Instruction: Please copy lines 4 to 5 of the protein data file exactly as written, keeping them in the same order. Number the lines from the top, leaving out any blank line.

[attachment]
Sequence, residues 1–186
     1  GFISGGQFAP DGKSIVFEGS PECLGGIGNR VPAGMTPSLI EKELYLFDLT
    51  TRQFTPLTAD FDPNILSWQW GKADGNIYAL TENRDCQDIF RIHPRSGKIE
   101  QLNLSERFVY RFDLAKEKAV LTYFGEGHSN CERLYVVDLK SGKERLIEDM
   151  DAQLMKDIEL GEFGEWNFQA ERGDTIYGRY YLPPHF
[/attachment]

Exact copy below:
   101  QLNLSERFVY RFDLAKEKAV LTYFGEGHSN CERLYVVDLK SGKERLIEDM
   151  DAQLMKDIEL GEFGEWNFQA ERGDTIYGRY YLPPHF